Jennifer Copley

Best Eat Your Oats

Eat Your Oats

  Oats are among the health-promoting superfoods. Study findings reported by the Whole Grains Council and the George Mateljan Foundation suggest that oats reduce the risk of many different illnesses, as well as helping to maintain a healthy weight. Weight control: A study of 204 overweight adults found that eating whole-grain oat-based cereal twice a day helped subjects to reduce their waistlines. A control group eating the same number of calories did not achieve the same waist-circumference reduction. Other research has found that whole grains create a greater feeling of satiety than white bread (which reduces the likelihood of food… read more

Soy What?

Soy And Human Health

Some studies indicate that soy is a superfood while others have linked it to health problems. Why has research yielded such conflicting results? Many of the studies supporting soy’s health benefits have taken place in Asian countries where people eat more fermented soy products (miso, tempeh, etc.). Those in Europe and North America tend to consume unfermented and highly processed soy products, many of which contain trans fats and artificial additives, and to eat soy protein in larger quantities, so health outcomes are bound to differ. Soy is considered a health food for a number of reasons. One cup of… read more

Acai Berries and Weight Loss

Acai Berries and Weight Loss

Do Acai berries really help with weight loss, or are the claims nothing but hype? These purple-blue Brazilian berries can be purchased in juice, powder, or capsule form (they cannot be shipped whole because they perish too quickly), and they’re often sold as weight loss supplements. According to Hayashi (n.d.), Acai berries do not suppress appetite, speed the metabolism, or flatten the stomach. However, like many other berries, they are rich in antioxidants, so they may provide a number of health benefits ranging from cancer protection to overall slowing of the aging process. However, research has shown that juices made… read more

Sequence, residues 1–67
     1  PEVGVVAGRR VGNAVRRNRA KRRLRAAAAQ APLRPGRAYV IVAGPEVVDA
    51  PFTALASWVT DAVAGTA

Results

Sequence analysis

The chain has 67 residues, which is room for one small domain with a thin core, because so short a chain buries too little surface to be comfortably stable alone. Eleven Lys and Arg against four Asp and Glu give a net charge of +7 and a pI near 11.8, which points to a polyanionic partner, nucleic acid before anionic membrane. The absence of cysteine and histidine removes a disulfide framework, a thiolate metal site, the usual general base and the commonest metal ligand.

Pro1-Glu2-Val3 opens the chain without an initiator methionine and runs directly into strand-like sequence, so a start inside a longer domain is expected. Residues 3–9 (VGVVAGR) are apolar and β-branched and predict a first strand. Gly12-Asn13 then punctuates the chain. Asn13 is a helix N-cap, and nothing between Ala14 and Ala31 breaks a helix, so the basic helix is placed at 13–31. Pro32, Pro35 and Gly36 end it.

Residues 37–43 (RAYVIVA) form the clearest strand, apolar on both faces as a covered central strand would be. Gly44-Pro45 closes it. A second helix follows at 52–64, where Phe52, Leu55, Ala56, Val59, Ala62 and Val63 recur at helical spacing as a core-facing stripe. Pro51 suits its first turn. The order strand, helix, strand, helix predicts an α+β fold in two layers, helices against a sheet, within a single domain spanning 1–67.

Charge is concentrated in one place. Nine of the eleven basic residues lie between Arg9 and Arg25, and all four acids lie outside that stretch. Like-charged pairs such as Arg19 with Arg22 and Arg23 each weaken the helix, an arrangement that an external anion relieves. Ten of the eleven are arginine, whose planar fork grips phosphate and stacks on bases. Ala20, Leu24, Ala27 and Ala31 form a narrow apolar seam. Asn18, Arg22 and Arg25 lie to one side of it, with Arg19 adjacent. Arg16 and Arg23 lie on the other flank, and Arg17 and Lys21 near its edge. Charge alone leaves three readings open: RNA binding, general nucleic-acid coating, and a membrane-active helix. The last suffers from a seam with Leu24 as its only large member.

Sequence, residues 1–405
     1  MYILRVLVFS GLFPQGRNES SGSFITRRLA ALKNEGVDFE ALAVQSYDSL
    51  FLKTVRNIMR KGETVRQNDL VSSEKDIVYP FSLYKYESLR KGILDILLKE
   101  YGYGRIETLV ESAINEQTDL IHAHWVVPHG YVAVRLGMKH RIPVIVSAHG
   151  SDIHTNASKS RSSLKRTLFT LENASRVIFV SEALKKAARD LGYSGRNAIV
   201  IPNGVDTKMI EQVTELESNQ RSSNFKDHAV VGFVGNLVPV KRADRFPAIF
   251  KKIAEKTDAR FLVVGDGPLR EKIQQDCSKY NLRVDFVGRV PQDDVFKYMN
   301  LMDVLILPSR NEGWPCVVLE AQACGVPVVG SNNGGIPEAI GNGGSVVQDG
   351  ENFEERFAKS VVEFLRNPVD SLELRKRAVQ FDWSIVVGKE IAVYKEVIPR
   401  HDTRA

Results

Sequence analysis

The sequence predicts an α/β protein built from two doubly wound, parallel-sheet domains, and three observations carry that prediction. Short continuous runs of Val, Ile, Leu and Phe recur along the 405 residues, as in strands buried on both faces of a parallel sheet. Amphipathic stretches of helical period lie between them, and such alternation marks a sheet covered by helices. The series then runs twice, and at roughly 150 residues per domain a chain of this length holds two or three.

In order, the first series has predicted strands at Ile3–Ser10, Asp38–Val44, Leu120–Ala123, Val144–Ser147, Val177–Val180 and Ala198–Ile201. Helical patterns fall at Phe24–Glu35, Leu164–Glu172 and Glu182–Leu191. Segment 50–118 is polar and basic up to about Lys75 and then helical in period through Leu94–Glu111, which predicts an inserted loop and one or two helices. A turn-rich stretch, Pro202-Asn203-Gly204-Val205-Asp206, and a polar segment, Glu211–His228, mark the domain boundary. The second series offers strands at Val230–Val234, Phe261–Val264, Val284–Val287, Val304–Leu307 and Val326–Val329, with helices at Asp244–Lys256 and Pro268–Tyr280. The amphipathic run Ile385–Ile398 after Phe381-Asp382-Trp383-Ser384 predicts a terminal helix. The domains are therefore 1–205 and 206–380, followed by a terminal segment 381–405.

Compost Red Wrigglers

Worm Composting

Worm composting (vermicomposting) creates exceptionally good compost in a relatively short time. Vermicomposting at home is far more sustainable than purchasing compost, which requires environmentally harmful plastic packaging and transportation. Vermicomposting typically uses red wigglers, a small, tough, adaptable worm with a big appetite and a rapid reproductive cycle. A pound of red wigglers can chomp through approximately half a pound of food per day, and as the population grows, this rate should increase. The primary advantage of vermicomposting is that the material produed is superior to regular compost (I’ve found that worm compost boosts the yields of fruit and… read more

Food For The Future

Food For The Future

In 2011, the Environmental Working Group released a report comparing the environmental impacts of various protein sources. The study found that lamb, beef, cheese, pork, and farmed salmon are the worst for the environment in terms of greenhouse gases produced. With the exception of farmed salmon, they also require the most inputs (feed, fuel, water, pesticides, chemical fertilizers, etc.) and generate the most manure. Turkey, chicken, canned tuna, and eggs also scored highly for greenhouse gas emissions. Where do all these greenhouse gas emissions come from? A lot of this pollution is caused by feed production and the nitrogen dioxide… read more